Fifty years of the NTSB

Posted by Kevin Keefe
on Monday, April 03, 2017

The National Transportation Safety Board opened for business 50 years ago, on April 1, 1967. The first railroad accident the NTSB investigated occurred seven weeks later, when two NYC trains collided head-on at 147th Street on the West Side freight line in New York City. Photographer Dick Hovey was there to record the clean-up.
In a season when everyone, it seems, has a problem with some aspect of the U.S. government, it might seem foolhardy to hold up a federal agency as an object of near-unanimous respect, even admiration.

But I’m going to do that anyway, because this week marks the 50th anniversary of the National Transportation Safety Board. The NTSB opened for business on April 1, 1967, after years of preparation by legions of politicians, bureaucrats, and transportation professionals, all with a goal of creating a truly independent accident investigation agency.

I don’t think there is much debate that they succeeded. Say what you will about specific accident reports or particular NTSB conclusions, but as a whole its work is authoritative. My colleague Don Phillips, Trains columnist and transportation reporter par excellence, puts it in perspective.

“No other government agency is as close to being beloved as the NTSB,” he says. “It has no power over any form of transportation, but airlines, railroads, trucking companies, and other forms know they must pay attention to everything the NTSB says following an accident.”

For those of us who follow railroading, I think we tend to consider the NTSB a contemporary phenomenon, an icon of the era of Amtrak, Conrail, the Staggers Act, and the mega-mergers that began forming in the 1990s and continue today. So what’s the NTSB got to do with Classic Trains?

In fact, the agency’s birthday reaches back to a time, albeit briefly, before all that stuff was new. When the NTSB opened for business on that Saturday in 1967, the New York Central and the Pennsylvania remained separate railroads. The Santa Fe still ran the Super Chief every night from Chicago and Los Angeles. Great Northern was introducing its Big Sky Blue image and John W. Barriger III was president of the Katy.

The NTSB hadn’t been functioning for long when it was obligated to investigate its first major railroad accident, a grievous wreck on the NYC on Manhattan’s upper west side.

On the beautiful morning of May 22, 1967, two NYC freight trains collided head-on near 147th Street on what was then known as the West 30th Street Branch, a line still used today by Amtrak passenger trains moving in and out of Penn Station toward Albany and the west. The toll was awful: six railroaders killed and three more injured. (The line was the subject of Jim Shaughnessy's article in Winter 2016 Classic Trains.)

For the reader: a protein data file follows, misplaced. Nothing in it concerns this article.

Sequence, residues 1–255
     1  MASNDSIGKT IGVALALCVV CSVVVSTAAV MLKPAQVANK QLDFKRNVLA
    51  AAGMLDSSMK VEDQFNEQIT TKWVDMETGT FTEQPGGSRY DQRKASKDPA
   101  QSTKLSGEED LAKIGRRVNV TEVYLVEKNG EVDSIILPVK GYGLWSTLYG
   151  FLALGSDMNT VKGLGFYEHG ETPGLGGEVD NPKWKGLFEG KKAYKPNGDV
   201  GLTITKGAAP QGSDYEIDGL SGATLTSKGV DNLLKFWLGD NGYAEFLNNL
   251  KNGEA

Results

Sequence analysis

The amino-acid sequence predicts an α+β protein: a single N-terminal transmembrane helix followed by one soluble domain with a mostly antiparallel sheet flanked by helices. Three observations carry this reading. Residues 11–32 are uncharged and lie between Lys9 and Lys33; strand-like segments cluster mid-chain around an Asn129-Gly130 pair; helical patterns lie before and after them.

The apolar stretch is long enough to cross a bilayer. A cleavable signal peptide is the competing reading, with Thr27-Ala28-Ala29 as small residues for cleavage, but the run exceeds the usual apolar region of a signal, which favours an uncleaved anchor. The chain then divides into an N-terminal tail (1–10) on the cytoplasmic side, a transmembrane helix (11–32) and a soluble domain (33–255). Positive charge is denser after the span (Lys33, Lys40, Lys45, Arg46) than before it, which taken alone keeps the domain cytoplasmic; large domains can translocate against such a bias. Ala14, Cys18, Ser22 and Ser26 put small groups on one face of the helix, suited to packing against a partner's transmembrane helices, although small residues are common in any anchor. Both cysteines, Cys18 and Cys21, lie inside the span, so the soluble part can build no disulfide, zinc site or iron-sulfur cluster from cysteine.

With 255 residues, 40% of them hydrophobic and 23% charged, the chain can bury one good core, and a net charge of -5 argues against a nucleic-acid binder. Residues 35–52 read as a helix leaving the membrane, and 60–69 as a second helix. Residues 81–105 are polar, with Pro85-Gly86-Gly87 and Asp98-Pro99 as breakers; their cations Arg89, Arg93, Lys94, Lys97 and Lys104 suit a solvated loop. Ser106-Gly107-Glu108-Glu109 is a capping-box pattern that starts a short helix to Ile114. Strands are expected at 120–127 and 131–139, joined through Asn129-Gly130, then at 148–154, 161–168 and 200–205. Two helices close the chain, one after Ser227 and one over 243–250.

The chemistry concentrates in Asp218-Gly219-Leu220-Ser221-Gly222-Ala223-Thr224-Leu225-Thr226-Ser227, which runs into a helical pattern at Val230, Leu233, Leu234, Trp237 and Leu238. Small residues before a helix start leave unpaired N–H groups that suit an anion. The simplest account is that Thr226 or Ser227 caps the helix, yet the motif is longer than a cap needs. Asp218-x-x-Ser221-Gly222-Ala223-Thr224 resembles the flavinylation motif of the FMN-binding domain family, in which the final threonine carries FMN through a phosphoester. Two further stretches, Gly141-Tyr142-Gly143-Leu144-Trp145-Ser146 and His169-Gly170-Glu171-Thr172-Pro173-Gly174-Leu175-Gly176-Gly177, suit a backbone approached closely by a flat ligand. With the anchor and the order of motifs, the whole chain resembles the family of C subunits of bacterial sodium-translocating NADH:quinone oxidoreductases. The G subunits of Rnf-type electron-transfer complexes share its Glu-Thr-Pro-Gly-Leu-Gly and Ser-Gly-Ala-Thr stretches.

The trains involved included 1/NY-4, a 15-car train coming in from Syracuse behind three diesels, and ND-5, a 60-car westbound train heading up the Hudson River behind four units. They collided on main track 1, being used in both directions that morning to accommodate repairs being made to track 2.

Photos taken that day show carnage that’s almost unimaginable given the location, with its beautiful frontage on the Hudson and its clear visibility up and down the right of way. Locomotives and cars are scattered across a wide area, some of them, including a rider coach, launched into various frightening angles. Clearly visible are some of the seven locomotives destroyed or damaged, including, by one account, five Alcos: an RS3, two FB2s, and FA2, and an RS32. Other units in the crash were a GP35 and a U30B.

What struck me about the scene is that the cleanup is utterly old-school, before companies like Hulcher would later move in with an army of heavy-duty, highway-borne bulldozers and cranes. The main tools of the trade at 147th Street are two wreck trains, complete with “big hook” derricks and heavyweight crew cars.

In a pattern that would become familiar, the NTSB hunkered down for a long investigation, finally issuing a 37-page report on October 9, 1969. The document is a template for all the NTSB reports to follow, notable for their thoroughness and their matter-of-fact treatment of difficult truths.

The agency lays the blame on NYC’s operator at 72nd Street (DO Tower) for failing to restrict the movement of train ND-5, but also notes related mistakes by the dispatcher as well as an operator at Spuyten Duyvil (DV). Most of all (my emphasis), investigators cited the New York Central for “failure . . . to establish explicit boundaries of authority, explicit operating rules, and procedures to insure that its personnel are instructed in and comply with [the] rules.”  

There’s no happy ending in such matters. The accident at 147th Street was a tragic reminder of the dangers inherent in railroading. But in accordance with its most important charge, NTSB recommended a number of changes that presumably made a difference down the road. You have to read between the lines, but I detect some bafflement by investigators over some of NYC’s long-standing operating practices, something a lot of railroads shared in 1967:

“The investigation also identified ineffective organization, inadequate use of modern communications devices (such as radio telephone), and a lack of application of modern techniques such as the use of human-factors engineering in designing operators’ control stations.” 

Meanwhile, today the NTSB moves into its second half-century, its sterling reputation intact and its recommendations presumably making the transportation world safer for all of us. “Dealing with the NTSB was a joy,” says Don Phillips. “I could trust everything they said.”

(View the entire NTSB report on the collision at:

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